I’ve walked through Laramie’s Greenhill Cemetery many times over the years and have been curious about the headstones carved to look like tree stumps. I finally decided to do a little research. You may already know this, but each intricately carved tombstone indicates that the deceased was a member of the Woodmen of the World fraternal society.
As is the way nowadays, I googled to find out more. I came across an interesting descriptive article from 2016 about fraternal orders, particularly the Woodmen organization, by Lisa Hix of the Houston Chronicle. I’ve excerpted from the article below.
Death was everywhere in 19th-century America: Fatal injuries, disease epidemics, and the Civil War made families acutely aware of mortality. For women and children, the death of a husband and father could tumble them into poverty. Only the wealthiest Americans bought private life insurance. Women were not allowed to take out policies on their husbands, and if the husband bought the policy on himself, the money wouldn’t be protected from creditors.
And then, grieving families faced another layer of shame. In 19th-century America, taking charity was perceived as weakness. The thinking was, if a lack of industriousness made you destitute, well, then you got what you deserved.
However, the middle and working classes did have a workaround. Men could join secretive clubs like the Freemasons and Oddfellows that provided networking, entertainment, and a moral education. If a man proved himself to be hardworking and of good character through his initiation trials, his social standing meant his family could quietly receive financial support from the lodge without the stigma of accepting charity.
After the devastating Civil War, well-established fraternal orders began to formalize their benefits into insurance subsidiaries. New secret societies known as “mutual beneficiary societies,” created with the explicit purpose of offering life insurance policies, sprang up around the U.S. Largely excluded from the original fraternal orders, women and African Americans even launched their own aid societies. Still, to join any fraternal order and receive its insurance benefits, you had to prove that you were no slouch — a hard worker with high morals such as thrift, self-reliance, discipline, and generosity.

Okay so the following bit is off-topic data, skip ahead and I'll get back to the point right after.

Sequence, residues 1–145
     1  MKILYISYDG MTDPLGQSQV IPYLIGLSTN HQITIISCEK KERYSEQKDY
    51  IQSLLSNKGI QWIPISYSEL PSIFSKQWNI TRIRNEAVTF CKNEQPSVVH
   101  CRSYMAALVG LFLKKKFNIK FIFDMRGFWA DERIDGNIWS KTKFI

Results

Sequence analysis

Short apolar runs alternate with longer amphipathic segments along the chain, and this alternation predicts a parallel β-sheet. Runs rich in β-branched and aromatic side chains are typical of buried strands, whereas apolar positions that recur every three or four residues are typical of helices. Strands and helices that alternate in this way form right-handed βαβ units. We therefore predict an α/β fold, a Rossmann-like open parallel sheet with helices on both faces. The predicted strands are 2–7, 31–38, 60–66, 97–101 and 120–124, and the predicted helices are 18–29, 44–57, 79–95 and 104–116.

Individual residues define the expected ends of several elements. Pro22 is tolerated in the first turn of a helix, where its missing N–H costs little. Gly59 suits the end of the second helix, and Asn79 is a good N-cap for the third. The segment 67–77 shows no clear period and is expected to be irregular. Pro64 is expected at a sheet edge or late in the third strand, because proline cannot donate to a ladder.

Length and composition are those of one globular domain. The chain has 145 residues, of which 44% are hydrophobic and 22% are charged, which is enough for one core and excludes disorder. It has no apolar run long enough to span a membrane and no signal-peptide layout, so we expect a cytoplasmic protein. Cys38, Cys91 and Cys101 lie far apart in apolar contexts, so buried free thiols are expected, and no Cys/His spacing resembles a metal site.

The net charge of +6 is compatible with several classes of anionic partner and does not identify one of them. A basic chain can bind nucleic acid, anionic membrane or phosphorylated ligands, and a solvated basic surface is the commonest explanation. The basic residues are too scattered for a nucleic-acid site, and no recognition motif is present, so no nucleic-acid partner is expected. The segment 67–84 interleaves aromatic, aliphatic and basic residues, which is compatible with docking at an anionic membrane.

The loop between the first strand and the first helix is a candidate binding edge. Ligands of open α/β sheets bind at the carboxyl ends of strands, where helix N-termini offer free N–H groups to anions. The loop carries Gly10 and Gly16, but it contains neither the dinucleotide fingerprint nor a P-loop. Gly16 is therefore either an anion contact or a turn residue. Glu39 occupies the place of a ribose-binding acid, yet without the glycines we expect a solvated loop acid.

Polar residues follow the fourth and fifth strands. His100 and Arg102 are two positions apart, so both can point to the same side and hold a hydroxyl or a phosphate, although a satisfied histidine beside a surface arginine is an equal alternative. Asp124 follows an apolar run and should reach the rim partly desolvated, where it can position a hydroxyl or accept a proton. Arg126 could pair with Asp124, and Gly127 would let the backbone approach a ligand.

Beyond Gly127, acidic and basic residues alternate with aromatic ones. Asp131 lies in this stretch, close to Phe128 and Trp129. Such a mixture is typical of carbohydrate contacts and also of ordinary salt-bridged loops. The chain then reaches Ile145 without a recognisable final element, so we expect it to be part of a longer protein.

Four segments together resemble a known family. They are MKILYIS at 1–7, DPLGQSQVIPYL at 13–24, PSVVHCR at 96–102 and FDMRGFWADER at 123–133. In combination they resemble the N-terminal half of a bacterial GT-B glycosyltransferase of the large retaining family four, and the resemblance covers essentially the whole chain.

But fraternal orders weren’t all about restraint. Before the days of TV, radio, or fantasy football, fraternal lodges offered plays, rituals, and camaraderie, and allowed men to let loose, which kept members coming back for more. The clout of being an insider and the endless pursuit of mystical, esoteric knowledge ensured that men would make their insurance payments for decades to come. The Woodmen came late to the party—incorporating in 1883 as the Modern Woodmen of America—but their leaders’ entrepreneurial innovations breathed new life into the fraternal insurance game. Founder Joseph Cullen Root, a Lyons, Iowa, businessman, seized the opportunity to create his own fraternal order when the mutual aid society Knights of Honor, which almost went under due to the 1878 Yellow Fever epidemic, was selling its local lodge.
To avoid a similar financial pitfall, Root made fitness a requirement to join his order, recruiting rural young men from the “healthiest states,” which meant those outside industrial New England. In the Woodmen, he fused Christian philosophy and pioneer values with ancient agricultural rites. “At that time, Root’s thought was that a cleared conscience and a cleared forest were synonymous,” says Bruce Lee Webb, who co-authored the 2015 book, As Above, So Below: Art of the American Fraternal Society with Lynne Adele. “The axe is an instrument that clears the forest but is also useful for constructing buildings and making progress.”
After an internal dispute with the other Modern Woodmen of America leaders, Root left the organization in 1890 and moved to Omaha to form a nearly identical “speculative woodcraft” order: Woodmen of the World. One of his innovations was to provide free tombstones—Root believed passionately that no member of his order should be buried in an unmarked grave. So, for 10 years, the Woodmen gave its members grave markers in the shape of tree stumps, inspired by the Victorian Rustic movement. (For another two decades, the members put down $100 apiece to reserve theirs.)
At a Woodman’s funeral, his personalized 4- to 5-foot tall tree stump headstone would be revealed in an elaborate ritual. The local stone carver, who might alter the pattern, would add embellishments reflecting the Woodman’s personality, such as axes and doves.
Laramie wasn’t the only Wyoming town with a Woodmen chapter. A search in the Wyoming State Library’s digitized newspaper database “Wyoming Newspapers” reveals that there were Woodmen camps in Douglas, Rawlins, Sheridan, Green River, Newcastle, Casper, Grand Encampment, Big Piney, and most likely other towns I may have missed.
Woodmen of the World exists today as WoodmenLife (officially Woodmen of the World Life Insurance Society) and is still based in Omaha, Nebraska.
By the way, if you’re looking for images related to fraternal orders in Southeastern Wyoming, a great resource is the Ludwig & Svenson Photographic Collection at the American Heritage Center.
– Post contributed by AHC Archivist Leslie Waggener.